So, last week I talked up the pets' flashes of intelligence, which, though real, are not all that praiseworthy, being dedicated to avoiding too much exercise and knocking over the hitherto inaccessible kitchen garbage.
I would love to discuss more examples of their cunning, native wit and shrewd primate-outwitting, but alas, reality intrudes (Don't you hate when that happens? Probably almost as much as the folks who think George W. engineered the 9/11 attacks so he could clamp down on hippies, or the other folks who think Obama is a clever Soviet-by-way-of-Kenya plot finally come home to roost.).
Anyway, the pets are back to their usual form, that is to say, just about as fuzzy in their little brains as they are in their lavish fur coats.
Cooper, the hyperactive, poultry-murdering border collie, kicked it off with a display of goofiness almost grandiose in its complete imbecility.
Like all good farmers committed to returning nutrients to the earth (which sounds pretty New Age, I admit, but we don't wear patchouli oil or eat our placentas), we have a compost pile, onto which the nonmeat food detritus goes, along with two kinds of manure, the grass clippings and coffee grounds (which makes for some zippy earthworms.).
Of course the dogs, the ever-optimistic Paltry Posse, always check this out and dig around in what we've recently buried there, hoping that a stray pork chop or morsel of grass-fed beefsteak will have wandered into our detritus. Just before our morning walk the other day, Cooper foraged up a fairly substantial pattypan squash that had gone sort of blue, and for some reason was convinced that it was a trophy worthy of extensive pride and display.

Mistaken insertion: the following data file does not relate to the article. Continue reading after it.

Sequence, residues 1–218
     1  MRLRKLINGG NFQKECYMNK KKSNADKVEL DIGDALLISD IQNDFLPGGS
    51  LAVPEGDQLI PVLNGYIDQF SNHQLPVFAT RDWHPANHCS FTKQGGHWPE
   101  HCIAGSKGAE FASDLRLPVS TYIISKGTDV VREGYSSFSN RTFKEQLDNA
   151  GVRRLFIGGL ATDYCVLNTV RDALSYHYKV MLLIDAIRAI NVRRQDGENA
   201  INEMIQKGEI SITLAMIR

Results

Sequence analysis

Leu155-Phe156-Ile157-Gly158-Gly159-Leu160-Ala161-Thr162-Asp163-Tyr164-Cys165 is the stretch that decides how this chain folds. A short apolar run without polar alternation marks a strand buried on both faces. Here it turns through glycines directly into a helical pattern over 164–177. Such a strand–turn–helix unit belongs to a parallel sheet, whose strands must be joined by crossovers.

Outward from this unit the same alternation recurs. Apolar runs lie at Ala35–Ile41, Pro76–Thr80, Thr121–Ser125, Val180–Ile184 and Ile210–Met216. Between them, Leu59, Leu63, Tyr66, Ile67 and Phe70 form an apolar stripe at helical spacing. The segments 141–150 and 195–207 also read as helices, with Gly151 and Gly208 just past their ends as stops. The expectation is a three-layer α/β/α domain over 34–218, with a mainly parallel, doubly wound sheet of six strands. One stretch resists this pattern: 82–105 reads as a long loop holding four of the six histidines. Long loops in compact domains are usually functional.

He carried the thing, his jaws expanded to dire wolf proportions, through our entire 30-minute walk, lording it over the other dogs as if the thing — a decaying vegetable, after all — were some immense trophy of his hunting prowess, like half a moose or the business end of an anachronistic T. rex.
He growled if the other pups got too close, capered around shaking the object of his glory, and generally behaved like a fool until I was overcome with such a fit of giggles that I had to stop and wait for it to pass, then wipe my eyes before I could see to continue.
The next day, he sniffed at the thing, having left it carefully concealed in a bush for future reference, but there was the scent of skunk in the air and Cooper has declared a vendetta against the species after a humiliating incident last year, so the pattypan is slowly rotting away, its moment of regard fading quickly into the past.
I had expected better of Rhys, our spunky rescued corgi.
A bit of background will make it easier to understand why his behavior this week was so ridiculous (We call this suspense-building “foreshadowing” in the writing game. It's a cheap, shoddy trick, but it was old-fashioned in Dickens' day.).
We got Rhys through a corgi rescue group (via my sister-in-law the vet, Dr. Aunt Kathy) that picked him up from a shelter in Roanoke, Va., which picked him up from the streets, where, judging by his later behavior, he made a living alternately snapping up the slower members of the rodent and bird families, and using his weapons-grade corgi cuteness to cozen hapless passersby into giving him pizza crusts and the odd burger scrap.
When he came to us, he was skeletally thin, and so grateful for regular meals and lavish loving that it was kind of sad.
Now, though, he's decided he's fat enough (he looks like an overstuffed bratwurst or a balloon animal) that he can afford to get picky about his wet food dinner garnish, spurning the lamb and rice variety.
I've tried to reason with him, but he seems to know I won't really leave him in a dumpster somewhere, so beef stew with peas and barley it is.